My adventures didn’t end there. On my last day in Hualien, I boarded a luxury boat for the most amazing natural encounter ever – whale watching. When it comes to this activity, Huadong Whale World (www.huadong.com.tw) is one of the most reputable tour operators in Hualien. The weather was not in our favour, but the formidable-looking captain was adamant not to let grey clouds and choppy waves ruin the day. As he navigated the boat through the treacherous ocean with precision and skill, the rest of us held on to the railings, battling seasickness while trying to stay brave. The waves grew bigger by the minute, and our hope of sighting a whale or two faded away. Suddenly, the captain yelled and turned the boat sharply. On the starboard, we spotted the grey fin of a dolphin! A rounded snout emerged from the surface of the water, and soon, four other dolphin families joined in the fun, frolicking in the waters next to the boat. I snapped away with my camera phone. By the end of the day, my phone battery flat-lined and I had no other means of connecting to the modern world, but I could not be happier.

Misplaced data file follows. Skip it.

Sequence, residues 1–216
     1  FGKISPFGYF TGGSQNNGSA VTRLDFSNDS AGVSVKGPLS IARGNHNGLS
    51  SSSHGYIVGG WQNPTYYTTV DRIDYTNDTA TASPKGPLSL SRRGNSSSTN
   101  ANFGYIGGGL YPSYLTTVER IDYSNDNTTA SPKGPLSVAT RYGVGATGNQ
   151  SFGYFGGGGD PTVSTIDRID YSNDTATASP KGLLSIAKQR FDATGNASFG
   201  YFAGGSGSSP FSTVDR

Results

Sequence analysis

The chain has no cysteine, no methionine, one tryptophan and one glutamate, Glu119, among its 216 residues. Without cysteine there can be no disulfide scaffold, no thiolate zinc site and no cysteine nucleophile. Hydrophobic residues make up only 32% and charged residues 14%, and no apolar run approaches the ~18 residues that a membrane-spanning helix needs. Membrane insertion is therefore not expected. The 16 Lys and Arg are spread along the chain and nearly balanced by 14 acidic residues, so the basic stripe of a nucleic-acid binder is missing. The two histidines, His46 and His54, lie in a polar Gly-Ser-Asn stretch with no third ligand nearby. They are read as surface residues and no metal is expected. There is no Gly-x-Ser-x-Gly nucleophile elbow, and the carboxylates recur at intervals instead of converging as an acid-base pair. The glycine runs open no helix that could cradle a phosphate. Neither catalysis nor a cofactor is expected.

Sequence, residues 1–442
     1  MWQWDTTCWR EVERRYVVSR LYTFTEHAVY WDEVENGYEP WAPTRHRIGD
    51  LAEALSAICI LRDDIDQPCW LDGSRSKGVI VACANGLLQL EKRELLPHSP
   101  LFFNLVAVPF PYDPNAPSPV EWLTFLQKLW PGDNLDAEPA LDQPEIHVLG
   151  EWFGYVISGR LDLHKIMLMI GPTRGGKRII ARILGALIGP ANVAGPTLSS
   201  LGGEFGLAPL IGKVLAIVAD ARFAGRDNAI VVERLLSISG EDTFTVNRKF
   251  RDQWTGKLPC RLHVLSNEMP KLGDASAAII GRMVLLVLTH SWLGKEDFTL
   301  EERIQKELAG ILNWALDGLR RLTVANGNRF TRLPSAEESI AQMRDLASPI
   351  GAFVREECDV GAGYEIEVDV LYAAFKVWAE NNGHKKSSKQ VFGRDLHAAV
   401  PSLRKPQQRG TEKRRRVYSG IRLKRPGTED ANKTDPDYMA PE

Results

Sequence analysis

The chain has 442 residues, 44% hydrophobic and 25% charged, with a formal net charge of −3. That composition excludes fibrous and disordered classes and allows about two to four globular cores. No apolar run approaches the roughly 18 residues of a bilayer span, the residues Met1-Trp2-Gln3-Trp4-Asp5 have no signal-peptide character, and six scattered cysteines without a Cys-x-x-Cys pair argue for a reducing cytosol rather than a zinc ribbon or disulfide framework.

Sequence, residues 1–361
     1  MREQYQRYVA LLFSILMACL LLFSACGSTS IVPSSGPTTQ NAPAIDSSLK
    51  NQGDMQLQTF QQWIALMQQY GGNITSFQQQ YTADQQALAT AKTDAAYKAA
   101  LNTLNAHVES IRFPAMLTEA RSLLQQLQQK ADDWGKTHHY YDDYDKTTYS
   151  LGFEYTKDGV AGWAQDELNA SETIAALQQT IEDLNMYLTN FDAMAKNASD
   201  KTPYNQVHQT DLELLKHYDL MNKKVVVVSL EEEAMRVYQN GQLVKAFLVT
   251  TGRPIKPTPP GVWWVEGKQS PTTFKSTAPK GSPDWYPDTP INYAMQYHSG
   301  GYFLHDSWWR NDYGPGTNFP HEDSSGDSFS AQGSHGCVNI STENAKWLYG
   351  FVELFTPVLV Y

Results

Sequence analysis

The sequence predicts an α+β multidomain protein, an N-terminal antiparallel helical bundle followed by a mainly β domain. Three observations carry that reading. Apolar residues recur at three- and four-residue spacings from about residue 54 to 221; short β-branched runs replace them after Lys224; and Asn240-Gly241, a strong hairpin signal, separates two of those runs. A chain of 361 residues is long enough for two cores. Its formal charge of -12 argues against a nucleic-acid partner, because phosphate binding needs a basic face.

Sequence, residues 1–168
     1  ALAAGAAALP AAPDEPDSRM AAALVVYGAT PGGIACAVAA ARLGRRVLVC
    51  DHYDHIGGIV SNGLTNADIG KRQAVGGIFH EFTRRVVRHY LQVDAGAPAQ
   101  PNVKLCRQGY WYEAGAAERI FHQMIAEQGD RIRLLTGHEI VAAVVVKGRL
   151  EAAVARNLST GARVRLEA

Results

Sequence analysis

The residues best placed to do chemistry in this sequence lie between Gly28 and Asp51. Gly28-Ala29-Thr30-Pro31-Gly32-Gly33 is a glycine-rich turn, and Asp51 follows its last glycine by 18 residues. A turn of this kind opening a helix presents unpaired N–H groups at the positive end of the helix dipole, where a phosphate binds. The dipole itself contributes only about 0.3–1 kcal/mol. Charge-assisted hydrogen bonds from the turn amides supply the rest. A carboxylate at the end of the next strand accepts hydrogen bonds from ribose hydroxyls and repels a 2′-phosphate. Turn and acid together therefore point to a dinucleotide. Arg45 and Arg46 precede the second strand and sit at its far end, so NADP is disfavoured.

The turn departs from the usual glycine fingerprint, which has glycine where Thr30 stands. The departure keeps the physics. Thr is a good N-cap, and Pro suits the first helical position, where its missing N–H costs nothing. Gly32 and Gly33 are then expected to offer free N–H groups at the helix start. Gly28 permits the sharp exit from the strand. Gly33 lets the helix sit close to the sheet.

The Best Of Both Worlds
It was with mixed feelings that I left Taipei and Hualien. As different as day and night, one was a capital filled with lights, colours and excitement, the other was the canvas that Mother Nature painted herself. The one similarity they both bore was the Taiwanese stamp of hospitality – warm smiles and an ever willing helping hand. Two wonderfully contrasting cities in one vacation – I could not ask for more!